1. Greater use of existing real world data / public domain data sets: Lets be honest, there are times that data is gathered because it is easy to do so; go to the lab run the widget, collect the data and go. However there is, no doubt within your company and within government, and university data bases a wealth of existing data that will match what you need down to the 90% level
  2. Increased automation of test data collection: To some extent being in a lab or in a vehicle will always be required for collecting data, however many of the processes around setup, data collection and data transmission can be automated to reduce both the time on site and the frequency of the time on site.
  3. Improved physical models: I know what you are thinking, this is about collecting real world data! What sort of trick is this(8)! What I am suggesting is that collection of physical data will be prioritized for the creation of better physical models to reduce the net time in lab.
  4. In use collection: The next step will be the transmission of data from existing objects in the field back to the manufacture. The model “IC-2021” freezer in the field will, most likely, share 95% of the same hardware and software. This means you have a lab in the field.
The Lambert projection for more projects see

All of these methods will be used going forward to supplement traditional real-world data collection methods. With the physical modeling approach I am going to dive into how to select data to collect to rapidly improve the models. With the “in the field” we will look take our first look at big data methods.

Final thoughts

Test vectors are just one part of the overall testing infrastructure; the necessary starting point. We are going to keep looking at all the points along the Verification and Validation process; both in depth and at the impact that COVID conditions continue to have.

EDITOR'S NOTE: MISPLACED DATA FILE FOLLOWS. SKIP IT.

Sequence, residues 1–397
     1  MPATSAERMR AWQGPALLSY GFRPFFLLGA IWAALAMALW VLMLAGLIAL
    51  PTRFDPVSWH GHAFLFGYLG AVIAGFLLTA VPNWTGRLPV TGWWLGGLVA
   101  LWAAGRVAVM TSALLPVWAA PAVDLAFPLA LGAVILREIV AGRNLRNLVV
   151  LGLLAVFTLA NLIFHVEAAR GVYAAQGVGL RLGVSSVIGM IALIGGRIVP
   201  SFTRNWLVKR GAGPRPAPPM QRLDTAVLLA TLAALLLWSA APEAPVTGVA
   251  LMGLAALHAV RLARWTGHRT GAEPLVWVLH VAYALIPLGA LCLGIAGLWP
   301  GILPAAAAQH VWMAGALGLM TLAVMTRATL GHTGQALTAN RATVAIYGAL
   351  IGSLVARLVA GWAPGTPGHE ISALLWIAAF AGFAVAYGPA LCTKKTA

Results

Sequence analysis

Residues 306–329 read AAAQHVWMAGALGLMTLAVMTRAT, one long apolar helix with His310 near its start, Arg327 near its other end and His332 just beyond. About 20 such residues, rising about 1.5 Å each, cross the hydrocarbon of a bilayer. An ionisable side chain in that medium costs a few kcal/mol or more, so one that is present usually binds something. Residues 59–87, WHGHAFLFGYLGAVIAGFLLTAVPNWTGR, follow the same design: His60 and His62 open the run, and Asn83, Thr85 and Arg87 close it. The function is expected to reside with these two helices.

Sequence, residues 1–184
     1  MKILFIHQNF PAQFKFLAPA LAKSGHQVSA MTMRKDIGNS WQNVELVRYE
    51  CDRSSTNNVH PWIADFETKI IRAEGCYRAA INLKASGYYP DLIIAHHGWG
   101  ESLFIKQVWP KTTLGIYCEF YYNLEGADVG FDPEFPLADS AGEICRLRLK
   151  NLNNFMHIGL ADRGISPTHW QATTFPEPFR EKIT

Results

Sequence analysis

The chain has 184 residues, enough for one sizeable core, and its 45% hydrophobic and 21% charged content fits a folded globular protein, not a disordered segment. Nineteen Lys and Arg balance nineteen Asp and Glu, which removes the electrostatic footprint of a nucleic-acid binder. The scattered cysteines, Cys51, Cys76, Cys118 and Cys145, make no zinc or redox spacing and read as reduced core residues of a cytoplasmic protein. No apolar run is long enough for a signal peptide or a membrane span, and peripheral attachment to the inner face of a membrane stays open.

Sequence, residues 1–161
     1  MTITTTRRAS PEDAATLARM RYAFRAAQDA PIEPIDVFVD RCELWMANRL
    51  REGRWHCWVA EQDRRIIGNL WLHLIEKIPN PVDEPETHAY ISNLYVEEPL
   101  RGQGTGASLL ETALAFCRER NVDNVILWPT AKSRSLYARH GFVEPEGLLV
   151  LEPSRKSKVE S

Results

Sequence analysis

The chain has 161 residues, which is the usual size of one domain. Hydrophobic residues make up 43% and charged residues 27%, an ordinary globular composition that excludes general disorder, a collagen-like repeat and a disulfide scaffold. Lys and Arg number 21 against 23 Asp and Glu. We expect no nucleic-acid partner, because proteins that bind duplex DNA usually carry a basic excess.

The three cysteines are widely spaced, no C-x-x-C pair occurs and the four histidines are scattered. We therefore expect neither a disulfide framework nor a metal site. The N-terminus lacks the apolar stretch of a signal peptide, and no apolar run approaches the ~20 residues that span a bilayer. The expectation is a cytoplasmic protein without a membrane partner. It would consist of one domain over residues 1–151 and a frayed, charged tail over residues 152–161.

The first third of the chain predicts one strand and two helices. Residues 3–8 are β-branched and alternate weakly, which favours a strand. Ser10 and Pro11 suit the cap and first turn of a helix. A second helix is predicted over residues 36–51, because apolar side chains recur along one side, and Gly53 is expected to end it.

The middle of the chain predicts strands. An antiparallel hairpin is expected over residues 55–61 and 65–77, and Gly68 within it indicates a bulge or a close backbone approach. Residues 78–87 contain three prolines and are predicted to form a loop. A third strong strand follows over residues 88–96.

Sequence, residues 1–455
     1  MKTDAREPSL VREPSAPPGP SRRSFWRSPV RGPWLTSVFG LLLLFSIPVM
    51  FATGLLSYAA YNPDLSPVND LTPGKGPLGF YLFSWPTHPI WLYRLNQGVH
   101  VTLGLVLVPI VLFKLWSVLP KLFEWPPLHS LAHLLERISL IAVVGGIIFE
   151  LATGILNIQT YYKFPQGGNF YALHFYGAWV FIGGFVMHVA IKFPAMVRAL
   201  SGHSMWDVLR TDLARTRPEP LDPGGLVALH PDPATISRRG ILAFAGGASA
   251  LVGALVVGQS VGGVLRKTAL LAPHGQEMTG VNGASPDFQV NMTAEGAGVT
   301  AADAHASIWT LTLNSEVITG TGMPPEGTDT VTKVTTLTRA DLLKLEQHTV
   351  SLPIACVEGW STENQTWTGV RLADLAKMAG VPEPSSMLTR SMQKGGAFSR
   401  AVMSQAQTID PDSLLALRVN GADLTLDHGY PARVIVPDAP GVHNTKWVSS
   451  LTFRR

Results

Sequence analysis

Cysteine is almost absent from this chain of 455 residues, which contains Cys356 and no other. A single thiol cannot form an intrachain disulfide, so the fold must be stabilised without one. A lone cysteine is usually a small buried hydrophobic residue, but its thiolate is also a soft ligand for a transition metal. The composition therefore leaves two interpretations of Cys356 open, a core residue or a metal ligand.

1. With the use of one last Greek hero of antiquity, I hope to build a metaphor for the 12 labors of Hercules as applied to testing (with far fewer labors)
  2. We will look at how large the UUT should be in another blog post. For now, we will give the ballpark that a UUT should be linked to 5 ~ 8 related requirements. Each requirement will have multiple tests associated with it.
  3. A good test harness should be like the harness for a horse, e.g. provides a secure connection to the horse (software) enabling it to run fully, have the minimum number of attachment points (e.g. don’t overload with test points) and connect without chaffing (crashing or changing the behavior of the code).
  4. A dynamic test harness has the test validation software as part of the test harness, e.g. the UUT is evaluated as the test is run. A static test harness simply logs the data for post processing.
  5. Step 1 is to swallow a fly, today you will learn why!
  6. Noise is, and is not a problem. Since it will exist in the real world you should welcome noise into your test cases since that is what you will find once you deploy your product once and for all.
  7. As an example of what we want to happen, we may want to get an dessert (objective) but do not want one with coconut flavor (test).
  8. Not a very good trick, and 8! is 40,320.